In our study, 50.7% knew that Toxoplasma could be transmitted via meat. Thus, we can conclude that consumers know more about the transmissibility of Toxoplasma via meat than about the transmissibility of Campylobacter via meat. A U.S. study showed that only 30% of pregnant women were aware that Toxoplasma may be found in raw or undercooked meat [30]. Another U.S. showed that only 24% of the respondents knew that Toxoplasma can be transmitted via food [13]. In a study from Poland that included only pregnant women, 46.7% knew that raw or uncooked meat was a route of transmission [29]. Nevertheless, it is also evident that significantly fewer consumers (16%) know that Campylobacter can be transmitted via food. Again, most consumers (93%) know that Salmonella can be transmitted via food [13].

Since the consumption of meat is known to be the main cause of Campylobacter infection, a reduction in meat consumption could lead to a reduced incidence of Campylobacter food-borne infections. A general reduction in meat consumption would also have the advantage of a lower number of Salmonella and Toxoplasma infections, although consumer knowledge of these pathogens is higher. Clinically manifest diseases or even deaths associated with the consumption of meat, and therefore secondary health care costs, may be reduced if knowledge about foodborne diseases were more widespread. Switching to a vegetarian diet would also reduce infection with these pathogens, as meat is the most common source of foodborne infections. A complete reduction in incidence is not possible because Campylobacter is also transmissible through raw milk [3] and Salmonella through eggs [33].

In addition, only 11.5% of the participants in our study who had heard of at least Campylobacter (n = 320) knew how to protect themselves from Campylobacter infection. Thus, it is not sufficient only to increase the level of knowledge about Campylobacter. In Germany, there are still too many consumers who do not wash their hands or the cutting board after preparing raw meat [41]. This result seems contradictory at first, since a survey of the German Federal Institute for Risk Assessment shows that 90% of the respondents indicated that they know how to protect themselves against pathogenic bacteria in their own household. At the same time, this survey also shows that only a minority of 9% of German consumers believe that compliance with kitchen hygiene serves as a protective measure against bacteria [42]. International comparative studies show that consumers are well aware of good hygiene practices and that many consumers are familiar with hygiene measures, such as washing their hands after handling raw meat [43, 44]. One reason for the nevertheless increasing incidence of foodborne infections in general could be that consumers do not wash their hands properly, and cross-contamination still occurs [45]. Health policy has long recognized that insufficient consumer awareness of Campylobacter is a problem, and scientific institutions have already compiled comprehensive information for consumers. However, although much information about Campylobacter and protection against infection is available at the national and international levels [46,47,48,49], our results suggest that the available information does not reach consumers. Consumers must actively search for available information material. Increased media attention could increase consumer awareness and vigilance in food handling [44]. The general lack of dramatic outbreak situations for Campylobacter explains why media attention is rather weak. The total number of Campylobacter outbreaks is much lower than that of Salmonella infections. The number of people who need hospital treatment due to clinical symptoms is much lower for Campylobacter than for Salmonella [33]. Regarding Campylobacter, 3% of the patients need to be hospitalized, whereas this is necessary for 19.5% of Salmonella patients. In addition, low mortality has occurred in those with Campylobacter infections than in those with Salmonella infections [33].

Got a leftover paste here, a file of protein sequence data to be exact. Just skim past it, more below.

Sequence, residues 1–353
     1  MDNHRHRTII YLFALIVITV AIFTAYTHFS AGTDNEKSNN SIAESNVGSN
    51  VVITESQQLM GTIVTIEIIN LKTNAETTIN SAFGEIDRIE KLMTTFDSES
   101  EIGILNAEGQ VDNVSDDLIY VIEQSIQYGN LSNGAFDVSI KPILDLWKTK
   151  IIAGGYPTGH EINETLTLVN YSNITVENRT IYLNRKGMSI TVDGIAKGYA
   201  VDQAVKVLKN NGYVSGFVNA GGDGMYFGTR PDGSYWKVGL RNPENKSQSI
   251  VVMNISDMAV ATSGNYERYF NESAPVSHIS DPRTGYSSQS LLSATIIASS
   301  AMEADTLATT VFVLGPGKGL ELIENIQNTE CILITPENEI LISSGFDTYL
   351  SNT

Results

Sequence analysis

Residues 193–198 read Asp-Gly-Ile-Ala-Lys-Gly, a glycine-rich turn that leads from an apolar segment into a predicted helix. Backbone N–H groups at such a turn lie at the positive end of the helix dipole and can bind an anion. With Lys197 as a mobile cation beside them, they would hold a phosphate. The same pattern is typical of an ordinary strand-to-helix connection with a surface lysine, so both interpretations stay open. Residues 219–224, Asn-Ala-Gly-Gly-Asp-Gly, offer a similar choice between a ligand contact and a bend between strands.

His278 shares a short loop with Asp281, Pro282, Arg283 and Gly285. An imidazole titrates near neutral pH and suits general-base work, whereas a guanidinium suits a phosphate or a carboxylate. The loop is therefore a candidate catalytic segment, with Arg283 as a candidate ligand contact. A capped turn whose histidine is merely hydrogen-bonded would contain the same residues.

Providing a label with appropriate handling instructions or warning signs indicating the Campylobacter risk could increase consumer awareness. This is confirmed, for example, by the results of other consumer surveys [11, 50]. Approximately 80% of consumers in Germany have the opinion that it is not easy to discern whether a foodstuff can cause health problems if handled incorrectly [51]. According to the results of the Deutsche Landwirtschafts-Gesellschaft e.V [52]., which informs consumers about the quality of food (among other things) and conducts studies on the food industry, consumers in Germany think that such information on the packaging would be very useful. It is therefore necessary to identify methods to ensure that the available information materials reach consumers.